Leg 3. What in the heck is this "app situation awareness," you ask? It all boils down to this: Your app is going to run in a hostile environment. What should you do to try to control the risk of a rooted (jailbroken) device? What kind of permissions should your app ask for? How can we use the functions and capabilities unique to mobile devices to help with the app security situation (think geolocation, call history and so on)? Is it a problem if another app records a complete history of when, where and how your app is used?

The thorny situation that is leg 3 reminds me of Rene Descartes' "malicious demon" from the "brain in a vat" thought experiment. In the 1600s, Descartes performed a thought experiment wondering how we might possibly know whether we are not simply a brain in a vat getting just the right kinds of input from a malicious demon (as opposed to creatures with free will). It was by performing this experiment that he came up with his famous line: "I think, therefore I am." It turns out that Descartes asked a very good question. A typical app tends to believe everything its platform tells it to. In the end, the app is the brain in the malicious demon's mobile platform vat. The app and its developers should know that it may be bamboozled, decompiled, relinked, abused and otherwise tormented, sometimes in surprising ways.

With that said, let's dig into this situation-awareness concept in more detail.

Trusted Computing, coprocessors and security

Consider leg 3 through the eyes of the poor app being told to give its heart and soul over to the processor and tech stack it's about to run on.

Scenario one: The device you need to run on is a rooted iPhone. To run or not to run? Apple prides itself on its somewhat successful "walled garden" security ecosystem. Want an app on your iPhone? It needs to be vetted by the Apple app store first. In theory, this lessens the possibility of a Trojan horse app, but in practice, you never really know. Still, let's credit Apple for trying to create a kindergarten-safe walled garden. Alternatively, Android devices run apps from all over. In some (weak) sense, they come "prerooted" -- any device can run any app anytime. We've moved on from kindergarten to power tools, but many users may not be comfortable with such power.

In any case, an app must be able to determine whether the phone has been rooted. Commercial tools that detect rooting rely on a few telltale signs of classic jailbreak approaches, but there are many more ways to root a phone than there are popular jailbreaking packages. In fact, at Cigital, we're not sure it's even possible to tell if a phone has been rooted by relying on commercial tools alone. Bottom line? Drawing a line in the sand at "rooted phone" may not help much. The best bet is to treat all phones as rooted. Here's why.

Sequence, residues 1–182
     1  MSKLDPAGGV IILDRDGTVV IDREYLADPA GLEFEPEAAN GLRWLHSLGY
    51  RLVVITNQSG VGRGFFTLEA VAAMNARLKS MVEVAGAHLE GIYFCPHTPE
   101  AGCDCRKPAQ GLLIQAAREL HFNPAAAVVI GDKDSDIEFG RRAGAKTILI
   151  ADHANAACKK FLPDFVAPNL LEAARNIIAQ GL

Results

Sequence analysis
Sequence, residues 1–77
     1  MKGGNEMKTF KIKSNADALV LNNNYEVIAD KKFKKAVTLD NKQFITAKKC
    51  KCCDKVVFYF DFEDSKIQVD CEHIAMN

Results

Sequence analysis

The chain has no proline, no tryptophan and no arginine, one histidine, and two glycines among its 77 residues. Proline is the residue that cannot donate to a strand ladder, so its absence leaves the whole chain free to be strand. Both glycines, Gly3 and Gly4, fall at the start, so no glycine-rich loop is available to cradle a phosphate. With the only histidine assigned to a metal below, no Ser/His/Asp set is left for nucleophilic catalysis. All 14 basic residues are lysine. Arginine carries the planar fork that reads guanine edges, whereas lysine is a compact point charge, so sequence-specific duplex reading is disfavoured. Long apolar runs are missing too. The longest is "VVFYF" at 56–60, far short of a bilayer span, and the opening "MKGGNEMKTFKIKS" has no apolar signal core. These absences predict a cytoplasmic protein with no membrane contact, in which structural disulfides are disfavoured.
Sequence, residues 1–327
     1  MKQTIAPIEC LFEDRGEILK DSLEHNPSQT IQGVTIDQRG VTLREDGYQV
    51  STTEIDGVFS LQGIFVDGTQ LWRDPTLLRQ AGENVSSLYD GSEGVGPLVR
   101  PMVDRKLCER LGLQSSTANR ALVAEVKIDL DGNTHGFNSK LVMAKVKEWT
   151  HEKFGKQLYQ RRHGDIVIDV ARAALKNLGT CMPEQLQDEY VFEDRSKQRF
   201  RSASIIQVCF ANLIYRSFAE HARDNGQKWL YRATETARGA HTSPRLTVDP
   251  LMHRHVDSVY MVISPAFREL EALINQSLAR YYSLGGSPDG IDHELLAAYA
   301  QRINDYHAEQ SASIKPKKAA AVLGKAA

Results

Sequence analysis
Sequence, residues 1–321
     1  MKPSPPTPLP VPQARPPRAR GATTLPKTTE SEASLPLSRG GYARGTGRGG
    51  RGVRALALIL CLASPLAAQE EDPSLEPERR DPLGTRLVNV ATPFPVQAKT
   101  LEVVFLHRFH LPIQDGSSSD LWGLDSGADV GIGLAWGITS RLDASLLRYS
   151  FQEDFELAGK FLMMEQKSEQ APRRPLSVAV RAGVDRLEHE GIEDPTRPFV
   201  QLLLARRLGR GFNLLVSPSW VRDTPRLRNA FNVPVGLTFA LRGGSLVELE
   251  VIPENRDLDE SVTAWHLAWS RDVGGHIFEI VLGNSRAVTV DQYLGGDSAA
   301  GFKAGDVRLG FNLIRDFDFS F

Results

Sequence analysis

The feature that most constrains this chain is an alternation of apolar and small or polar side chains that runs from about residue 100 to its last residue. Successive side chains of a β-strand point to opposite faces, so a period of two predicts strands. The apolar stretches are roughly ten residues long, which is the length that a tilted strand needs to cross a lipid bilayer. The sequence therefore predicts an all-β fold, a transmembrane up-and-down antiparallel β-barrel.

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Scenario two. Imagine the phone is rooted. Are there extra-app data sources that you can rely on to determine how much trust to put in the user and the environment? Geolocation can, in theory, tell you where the phone is right now. Does that help? How about call history or text message history?

We have some bad news. If the phone is rooted, it can lie about many of the data sources you might want to verify. If a phone is in Wi-Fi mode, airplane mode or otherwise out-of-service area, causing it to believe it is somewhere it's not is entirely possible. Remember the brain in the vat mentioned above? Well, the attacker who steals a legitimate phone is the malicious demon. Trouble indeed.

In the end, what we need is a solution that allows untrusted code to run safely and trusted code to protect itself from attack by the broken platform and its "malicious demon" controller. This is exactly the problem set that Trusted Computing set out to tackle some decades ago and with decidedly mixed results. Trusted coprocessors are a key part of this equation. Sadly, though some phones come with these, they are not exposed for use by app developers. Maybe they need to be.

Dang, this is more complicated than we thought! However, there is hope. In fact, there are three things you can do right away to work through these issues:

  1. Learn about Trusted Computing from multiple sources (the organization we pointed to above, and Ross Anderson's site are several good ones) and ask the mobile platform vendors what kind of support they are planning to expose to app writers.
  2. Think carefully about app design and expose as little as you can in the app itself, keeping the bulk of processing on the server.